Vegetable Gardens - A way of life for three senior citizens in Blairsville, Georgia
Mrs. Willie Turner's garden is hard to miss. It's the one on Haralson Drive in Blairsville, Georgia with all the colorful zinnias flowering in the front row.
Mrs. Turner always has a pretty vegetable garden and puts up lots of food every year. With help from her son Charles, the garden produces enough to can beans, tomatoes, pickles, and sauerkraut. Mrs. Turner also puts stuff in the freezer including okra, peaches, corn, berries, and field peas. The best thing is the blackberry jelly. "I also put up peach preserves and grape jelly." Says Willie.
Mrs. Turner just recently had a light heart attack and is on oxygen. She says, "I still plan on canning. My daughter lives up there behind me and she will help." Willie Turner has lived in Union County all of her life. She is eighty-one and has three granddaughters, one grandson, and three great great grandchildren.
As we toured the yard, I admired the flowers and manicured lawn. The trees were surrounded with hostas and there was not a weed in sight. Her yard and garden was picture perfect.
A little further out of town in the Coosa section of Union County, Mr. Edgar Mason tends his productive vegetable garden. Mr. Mason has always had a garden. "It helped feed the family and tasted a lot better than store bought produce." Says Edgar.
Edgar Mason raised collards in Union County for thirty years. It was a familiar sight to see Edgar and his tractor on Mulky Gap hauling a load of collards from the field. Mason's collards were sold all over Georgia and people say they were the best money could buy.
"The vegetable garden is more of a hobby now." Says Edgar who is now eighty-two. "I can't do as much as I used to." We admired the healthy tomato vines and sturdy looking corn stalks. There was a nice breeze as we talked about the weather. "It wouldn't hurt to have a good soaking rain." Said Mason and I agreed.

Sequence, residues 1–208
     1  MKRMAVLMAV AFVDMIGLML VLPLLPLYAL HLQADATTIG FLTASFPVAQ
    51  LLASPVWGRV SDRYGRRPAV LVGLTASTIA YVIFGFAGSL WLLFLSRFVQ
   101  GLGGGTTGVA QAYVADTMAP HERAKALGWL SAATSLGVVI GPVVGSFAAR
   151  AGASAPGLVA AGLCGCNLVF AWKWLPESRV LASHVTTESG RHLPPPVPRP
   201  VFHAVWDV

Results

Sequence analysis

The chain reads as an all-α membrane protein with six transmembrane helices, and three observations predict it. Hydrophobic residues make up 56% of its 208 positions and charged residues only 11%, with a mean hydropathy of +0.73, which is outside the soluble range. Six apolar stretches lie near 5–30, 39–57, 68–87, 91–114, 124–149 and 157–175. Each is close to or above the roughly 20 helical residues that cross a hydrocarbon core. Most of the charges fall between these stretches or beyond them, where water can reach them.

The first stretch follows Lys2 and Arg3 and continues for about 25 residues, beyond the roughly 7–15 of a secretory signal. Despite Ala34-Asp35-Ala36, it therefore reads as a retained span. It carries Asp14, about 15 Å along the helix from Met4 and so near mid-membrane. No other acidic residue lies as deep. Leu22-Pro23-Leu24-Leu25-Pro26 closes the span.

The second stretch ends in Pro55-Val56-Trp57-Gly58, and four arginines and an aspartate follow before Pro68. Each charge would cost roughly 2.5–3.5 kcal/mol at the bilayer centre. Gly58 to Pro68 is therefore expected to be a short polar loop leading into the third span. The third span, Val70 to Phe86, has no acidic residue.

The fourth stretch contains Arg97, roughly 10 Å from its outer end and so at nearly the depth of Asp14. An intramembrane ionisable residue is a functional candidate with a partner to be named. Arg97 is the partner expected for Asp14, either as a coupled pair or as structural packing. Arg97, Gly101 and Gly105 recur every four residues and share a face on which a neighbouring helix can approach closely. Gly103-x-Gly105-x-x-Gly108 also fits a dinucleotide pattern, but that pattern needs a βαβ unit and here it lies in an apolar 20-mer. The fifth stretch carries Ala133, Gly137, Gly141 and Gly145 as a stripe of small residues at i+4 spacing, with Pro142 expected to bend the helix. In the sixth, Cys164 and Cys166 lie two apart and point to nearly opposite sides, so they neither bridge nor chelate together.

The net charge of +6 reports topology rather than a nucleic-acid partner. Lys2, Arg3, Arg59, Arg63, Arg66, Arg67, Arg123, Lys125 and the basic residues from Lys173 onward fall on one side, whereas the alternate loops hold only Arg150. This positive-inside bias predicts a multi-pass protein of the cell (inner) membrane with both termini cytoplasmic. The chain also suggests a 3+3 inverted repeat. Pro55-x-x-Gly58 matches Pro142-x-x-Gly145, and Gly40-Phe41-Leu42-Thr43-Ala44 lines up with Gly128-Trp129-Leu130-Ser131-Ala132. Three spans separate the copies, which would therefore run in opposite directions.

Edgar was eyeing the nearby blackberry bushes. "Those berries look about ready for picking. Maybe Raymond can get enough for a cobbler."
Edgar Mason's wife Virginia passed away ten years ago. Together they raised five boys and one girl. Besides farming, Mason worked at Union County Nursing Home for twenty-five years. Virginia Mason had a long career at Union General Hospital.
After admiring Edgar's vegetable plants, we relaxed under the old shade tree. Mason laughed, "Come on by anytime. I'll put you to work pulling weeds."
On the other side of Union County, Mrs. Irene Brown still gardens at age 97. No walker or cane for this fit and trim lady. I asked her if it was too hot for a tour of her garden. "Why not!" She replied. "I get out in it everyday." She grabbed the hoe and off we went.
Irene Brown raised a large family on fresh vegetables. "There wasn't any money to run to the store. All we ever bought in town was salt and coffee. I had a milk cow until the 80's. We didn't even buy much sugar because there was plenty of honey." Says Irene.
Mrs. Brown has eight children, 19 grandchildren, and 30 great great grandchildren. "I still have to raise a big garden so I can feed them all when they come over." Irene's husband, Emory Brown passed away three years ago. "We both are from here." Says Irene. "We met at Church. My daddy's sister, Matilda Gillispie, donated the land to build Trackrock Church and I've been going there all my life."
Irene Brown was born on Mother's Day - May 8, 1909. She bends over to show me a big bunch of tomatoes. "These are Bonnie Hybrids. They are doing really good this year. The deer have about eaten up all the okra plants, though." Irene has already canned her beets and fifteen pints of blackberry jelly. She says, "I guess we'll have lots of tomatoes and vegetable soup later on."
I asked Mrs. Brown the obvious question, "What do you think has contributed to your long and healthy life?" She answered, "Eating good fresh vegetables, lots of physical labor, and of course, the good Lord's help."